DETROIT — The Bush administration is considering changes to fuel economy regulations that would encourage manufacturers to offer more large cars, station wagons and smaller sport utility vehicles that are built more like cars.
The idea behind the changes is that such vehicles are safer than both small cars and sport utility vehicles and pickups, and that if more people drove them, fewer people would die in crashes. Producing more such vehicles and fewer very small or very large vehicles would reduce the increasing disparity among American vehicles, both in weight and how high they ride.
Because they ride so high, sport utility vehicles and pickups pose more dangers to drivers of small cars than large cars do. They are also more dangerous for their own occupants because of their increased rollover risk.
But the idea is opposed by environmentalists and has already drawn a sharply worded protest from the United Auto Workers union. Both are concerned, for different reasons, that the Big Three will stop making small cars because they lose money making them and will no longer be compelled to.
For the last several months, representatives of the Department of Energy, the National Highway Traffic Safety Administration, the Environmental Protection Agency and several other federal agencies have been exploring changes to the way fuel economy is regulated.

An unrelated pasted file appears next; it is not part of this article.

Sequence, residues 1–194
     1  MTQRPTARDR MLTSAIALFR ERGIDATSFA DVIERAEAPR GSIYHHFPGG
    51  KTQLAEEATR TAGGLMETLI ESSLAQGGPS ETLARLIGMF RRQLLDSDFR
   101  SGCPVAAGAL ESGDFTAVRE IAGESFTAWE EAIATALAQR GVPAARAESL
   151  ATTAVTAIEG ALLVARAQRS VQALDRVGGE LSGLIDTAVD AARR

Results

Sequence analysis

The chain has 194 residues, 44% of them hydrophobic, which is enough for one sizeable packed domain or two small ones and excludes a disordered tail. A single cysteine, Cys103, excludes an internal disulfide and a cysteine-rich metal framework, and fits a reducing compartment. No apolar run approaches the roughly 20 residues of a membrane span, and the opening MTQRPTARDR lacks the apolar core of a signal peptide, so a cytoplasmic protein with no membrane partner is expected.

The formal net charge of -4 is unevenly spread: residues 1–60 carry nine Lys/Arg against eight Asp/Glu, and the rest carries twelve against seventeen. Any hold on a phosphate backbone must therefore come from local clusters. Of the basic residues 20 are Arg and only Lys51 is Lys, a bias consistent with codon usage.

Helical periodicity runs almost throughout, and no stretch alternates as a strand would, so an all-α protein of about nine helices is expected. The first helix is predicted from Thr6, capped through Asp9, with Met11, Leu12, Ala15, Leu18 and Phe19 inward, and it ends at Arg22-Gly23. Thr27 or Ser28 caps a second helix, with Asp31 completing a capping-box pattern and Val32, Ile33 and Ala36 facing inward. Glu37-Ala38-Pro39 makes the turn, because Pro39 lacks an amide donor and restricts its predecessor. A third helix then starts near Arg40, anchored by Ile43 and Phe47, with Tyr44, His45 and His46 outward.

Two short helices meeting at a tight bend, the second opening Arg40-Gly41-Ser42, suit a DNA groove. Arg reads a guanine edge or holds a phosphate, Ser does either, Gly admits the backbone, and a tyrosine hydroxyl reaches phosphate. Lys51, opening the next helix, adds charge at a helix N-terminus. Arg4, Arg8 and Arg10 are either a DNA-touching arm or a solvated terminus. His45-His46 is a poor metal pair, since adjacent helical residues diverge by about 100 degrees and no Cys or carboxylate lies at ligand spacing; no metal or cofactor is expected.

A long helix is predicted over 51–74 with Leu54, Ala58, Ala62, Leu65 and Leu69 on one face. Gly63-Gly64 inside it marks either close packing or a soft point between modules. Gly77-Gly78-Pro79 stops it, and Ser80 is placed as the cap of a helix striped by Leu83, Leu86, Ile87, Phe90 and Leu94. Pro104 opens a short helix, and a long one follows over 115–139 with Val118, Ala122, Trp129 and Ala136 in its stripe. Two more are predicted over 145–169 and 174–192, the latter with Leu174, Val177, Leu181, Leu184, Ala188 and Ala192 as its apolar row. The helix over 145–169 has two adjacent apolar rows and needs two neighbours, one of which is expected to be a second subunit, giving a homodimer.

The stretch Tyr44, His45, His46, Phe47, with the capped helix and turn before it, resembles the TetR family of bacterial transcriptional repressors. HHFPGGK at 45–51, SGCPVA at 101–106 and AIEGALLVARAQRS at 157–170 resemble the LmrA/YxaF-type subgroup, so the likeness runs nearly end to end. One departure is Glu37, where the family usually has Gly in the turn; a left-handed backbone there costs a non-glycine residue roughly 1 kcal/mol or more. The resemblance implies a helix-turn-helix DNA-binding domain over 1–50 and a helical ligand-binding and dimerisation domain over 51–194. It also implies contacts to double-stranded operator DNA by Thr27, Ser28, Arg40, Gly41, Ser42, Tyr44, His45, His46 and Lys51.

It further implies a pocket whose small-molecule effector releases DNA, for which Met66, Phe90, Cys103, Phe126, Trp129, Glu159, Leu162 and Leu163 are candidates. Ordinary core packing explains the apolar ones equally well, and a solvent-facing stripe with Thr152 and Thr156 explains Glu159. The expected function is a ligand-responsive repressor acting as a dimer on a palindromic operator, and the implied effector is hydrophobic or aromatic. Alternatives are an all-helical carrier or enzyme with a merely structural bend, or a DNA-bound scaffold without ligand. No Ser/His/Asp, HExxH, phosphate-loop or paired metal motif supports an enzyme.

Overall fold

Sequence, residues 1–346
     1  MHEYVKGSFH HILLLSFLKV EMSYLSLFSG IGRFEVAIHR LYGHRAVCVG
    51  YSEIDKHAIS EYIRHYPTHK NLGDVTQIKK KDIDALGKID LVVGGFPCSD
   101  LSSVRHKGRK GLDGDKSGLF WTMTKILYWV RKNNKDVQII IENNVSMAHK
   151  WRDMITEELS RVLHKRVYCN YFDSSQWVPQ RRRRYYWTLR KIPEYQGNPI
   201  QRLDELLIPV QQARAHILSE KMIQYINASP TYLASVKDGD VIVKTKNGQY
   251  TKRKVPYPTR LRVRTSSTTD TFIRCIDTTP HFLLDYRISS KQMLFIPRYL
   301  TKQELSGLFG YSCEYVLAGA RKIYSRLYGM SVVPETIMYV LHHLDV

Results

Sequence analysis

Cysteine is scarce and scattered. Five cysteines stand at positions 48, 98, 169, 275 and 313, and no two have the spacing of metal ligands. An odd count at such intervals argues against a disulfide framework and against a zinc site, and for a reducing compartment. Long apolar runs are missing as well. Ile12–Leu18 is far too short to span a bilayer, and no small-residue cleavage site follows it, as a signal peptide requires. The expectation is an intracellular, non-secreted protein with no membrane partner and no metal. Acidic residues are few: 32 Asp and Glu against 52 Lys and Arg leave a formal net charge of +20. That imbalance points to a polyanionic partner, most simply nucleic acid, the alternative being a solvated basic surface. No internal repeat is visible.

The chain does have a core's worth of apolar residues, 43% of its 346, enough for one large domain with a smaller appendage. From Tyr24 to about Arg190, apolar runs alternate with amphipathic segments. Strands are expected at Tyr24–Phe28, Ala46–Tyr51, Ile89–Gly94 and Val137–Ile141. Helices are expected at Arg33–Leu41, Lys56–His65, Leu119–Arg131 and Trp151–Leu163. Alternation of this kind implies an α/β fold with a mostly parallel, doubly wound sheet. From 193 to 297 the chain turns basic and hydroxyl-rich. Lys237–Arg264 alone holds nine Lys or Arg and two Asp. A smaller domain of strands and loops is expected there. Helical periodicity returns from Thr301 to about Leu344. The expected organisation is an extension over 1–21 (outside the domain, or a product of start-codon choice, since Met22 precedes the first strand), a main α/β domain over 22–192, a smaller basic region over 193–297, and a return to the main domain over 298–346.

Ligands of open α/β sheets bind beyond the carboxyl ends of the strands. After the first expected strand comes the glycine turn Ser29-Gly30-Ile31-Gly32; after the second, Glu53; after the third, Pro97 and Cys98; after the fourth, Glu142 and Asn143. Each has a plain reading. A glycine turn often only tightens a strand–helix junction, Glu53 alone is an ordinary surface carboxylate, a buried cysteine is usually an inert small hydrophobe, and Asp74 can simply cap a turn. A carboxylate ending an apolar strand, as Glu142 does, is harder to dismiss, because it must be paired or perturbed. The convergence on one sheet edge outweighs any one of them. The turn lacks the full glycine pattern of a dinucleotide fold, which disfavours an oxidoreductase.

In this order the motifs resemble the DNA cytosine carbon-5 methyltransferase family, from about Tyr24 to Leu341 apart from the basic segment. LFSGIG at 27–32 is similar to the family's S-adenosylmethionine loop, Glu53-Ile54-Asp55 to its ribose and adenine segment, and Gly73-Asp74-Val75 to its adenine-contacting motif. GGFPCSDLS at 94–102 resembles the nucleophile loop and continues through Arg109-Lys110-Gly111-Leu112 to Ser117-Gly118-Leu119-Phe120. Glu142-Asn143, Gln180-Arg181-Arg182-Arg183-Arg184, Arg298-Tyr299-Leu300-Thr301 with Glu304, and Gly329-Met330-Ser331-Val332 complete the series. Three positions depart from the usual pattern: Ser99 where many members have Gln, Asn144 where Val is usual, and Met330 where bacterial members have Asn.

Under the current system, in effect since the 1970s, automakers must meet one average for their fleets of cars (currently 27.5 miles per gallon) and a much lower average (20.7 miles per gallon) for their light trucks, which include sport utility vehicles, pickups and minivans.
To reach those averages, automakers generally build small vehicles with higher fuel economy to offset large, less fuel-efficient vehicles.
The change being considered by the Bush administration will not be described for a month or two, in an initial proposal for fuel economy in the 2008 model year and beyond. But the type of system being considered could eliminate the distinction between cars and light trucks and instead base fuel economy requirements on the weight or size of vehicles.
So automakers would no longer have to build small cars to help reach the average required of all cars. As for the largest sport utilities and pickups, the fuel economy standard could in theory be raised enough to force the automakers to make such vehicles smaller. As a result, fewer vehicles on the road would be either very big or very small.
"Large passenger cars and minivans are the safest way to move around large numbers of people," said Dr. Jeffrey W. Runge, the Bush administration's top auto safety regulator, at a conference in January. "And yet," he added, referring to the current system known as Corporate Average Fuel Economy standards (CAFE), "we have CAFE-ed large cars out of existence."
"We need a quantum leap in fuel economy without sacrificing safety," he added.